SANFORD, Fla. (PRWEB) December 10, 2019
Today, the Florida Council on Compulsive Gambling (FCCG) joined forces with the National Council on Problem Gambling and the International Center for Youth Gambling Problems and High-Risk Behaviors at McGill University, to urge parents and others to take the time to select meaningful holiday gifts and stocking stuffers for kids, versus buying unsuitable, quick-fix gifts, like lottery scratch off tickets, or other items not intended for children, which have the potential to cause harm.
According to Jennifer Kruse, FCCG’s Executive Director, “The idea that a game of poker among teens or the gifting of a lottery ticket to a minor is harmless, simply because they are not smoking or drinking, is sending the wrong message that somehow gambling is acceptable for underage persons. It is essential to remember that gambling is strictly prohibited for individuals under the age of 18 in the Sunshine State. Of equal importance, attaching a lottery ticket to a child’s gift or including a lottery ticket in a child’s holiday stocking can actually cause harm, with research findings on this very issue directly correlating the receipt of lottery tickets as gifts during childhood with risky, problematic gambling behavior later in life.”
While most people don’t have problems when they gamble, more young people today are developing problems with gambling than ever before, due to the availability, accessibility, and acceptability in our society. Many adults are unaware of the non-traditional ways that gambling is now popping up online, such as through video games – where casino gambling takes place within the game or players purchase upgrades that increase the likelihood of success or extend the game (extra chances or lives) – all of which are forms of gambling. Research findings from one study noted that those with problem gambling behaviors at age 30 were three times more likely to have engaged in a greater variety of gambling activities as youth. Thus, children receiving lottery tickets as holiday gifts have an increased risk for the development of later-life problem gambling, as this represents exposure to another type of gambling activity.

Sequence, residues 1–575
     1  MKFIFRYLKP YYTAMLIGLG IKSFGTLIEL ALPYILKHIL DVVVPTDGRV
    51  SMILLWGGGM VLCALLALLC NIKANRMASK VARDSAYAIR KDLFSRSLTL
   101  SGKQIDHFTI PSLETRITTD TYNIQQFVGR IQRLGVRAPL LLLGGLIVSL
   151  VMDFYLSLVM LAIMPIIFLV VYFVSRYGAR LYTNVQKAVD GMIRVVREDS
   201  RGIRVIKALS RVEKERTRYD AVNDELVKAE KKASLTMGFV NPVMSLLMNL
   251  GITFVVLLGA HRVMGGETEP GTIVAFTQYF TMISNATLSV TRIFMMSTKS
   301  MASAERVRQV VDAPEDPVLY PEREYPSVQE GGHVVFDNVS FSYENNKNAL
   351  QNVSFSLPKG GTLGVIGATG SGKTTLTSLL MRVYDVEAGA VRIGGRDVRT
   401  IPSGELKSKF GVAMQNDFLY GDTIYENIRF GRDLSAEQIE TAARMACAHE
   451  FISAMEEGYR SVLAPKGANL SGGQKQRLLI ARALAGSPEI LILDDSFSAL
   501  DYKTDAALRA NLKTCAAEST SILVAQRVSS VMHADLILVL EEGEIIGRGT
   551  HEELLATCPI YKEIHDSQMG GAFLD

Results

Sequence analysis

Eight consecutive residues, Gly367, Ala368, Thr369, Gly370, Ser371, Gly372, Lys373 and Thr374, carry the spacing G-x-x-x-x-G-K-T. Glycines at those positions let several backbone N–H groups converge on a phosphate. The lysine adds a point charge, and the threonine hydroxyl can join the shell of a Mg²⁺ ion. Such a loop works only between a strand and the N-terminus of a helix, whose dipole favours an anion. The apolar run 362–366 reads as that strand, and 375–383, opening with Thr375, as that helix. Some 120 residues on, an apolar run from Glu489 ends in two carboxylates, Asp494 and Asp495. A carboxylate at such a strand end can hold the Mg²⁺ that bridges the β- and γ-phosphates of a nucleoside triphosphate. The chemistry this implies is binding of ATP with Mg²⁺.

Youth between the ages of 13-17 are among the fastest growing groups of problem gamblers, with prevalence rates in some states twice that of the adult population. According to Kruse, “Data collected on the FCCG’s 888-ADMIT-IT HelpLine supports this assertion, as 36% of problem gamblers seeking help last year said they started gambling before the age of 25, and 10% stated they began gambling prior to reaching the legal age of 18. Further, more than one-third (34%) reported the onset of gambling-related problems began before the age of 30. Whether or not folks are comfortable with the idea, children can and do engage with gambling. The FCCG urges parents, educators, and others not to dismiss problem gambling from the long list of concerns regarding today’s youth.”
Additionally, Florida prevalence research among adolescents’ ages 13-17 reveal that at-risk, problem and compulsive gamblers acknowledge that the first person they gambled with was a family member, often identifying a grandparent, parent, sibling, or other relative. “Parents and other adults must remember that just as gifting a child a bottle of alcohol or a pack of cigarettes is inappropriate, so too is the gifting of lottery tickets to minors. We must create safeguards to help protect our youth and ensure they understand that gambling is a risky behavior, as is the consumption or use of alcohol, drugs, or tobacco,” Kruse concluded.
The Florida Council on Compulsive Gambling, Inc. (FCCG) is a not-for-profit corporation under contract with Florida State government, serving as the designated state affiliate of the National Council on Problem Gambling (NCPG). In addition to operating the 24-hour Problem Gambling HelpLine (888-ADMIT-IT), the FCCG increases awareness of problem gambling through education and outreach efforts throughout the state of Florida, advocates on behalf of the public regarding issues relating to problem gambling, and provides programs, resources, and other population specific supports to those in need of assistance.
i. Kundu, Priya V eta l. “Gambling-Related Attitudes and Behaviors in Adolescents Having Received Instant (Scratch) Lottery Tickets as Gifts” Journal of Adolescent Health: Official publication of the Society for Adolescent Medicine vol. 52, 4 (2013): 456-64.ii. Caribonneau, R., Viataro, F., Brendgen, M., Tremblay, RE., Variety of Gambling Activities from Adolescence to Age 30 and Association with Gambling Problems, December 2015.iii. Shapira, N., Ferguson, M., Frost-Pineda, K., Gold, M., Gambling and Problem Gambling Among Adolescents in Florida, A Report to the Florida Council on Compulsive Gambling, February 2003.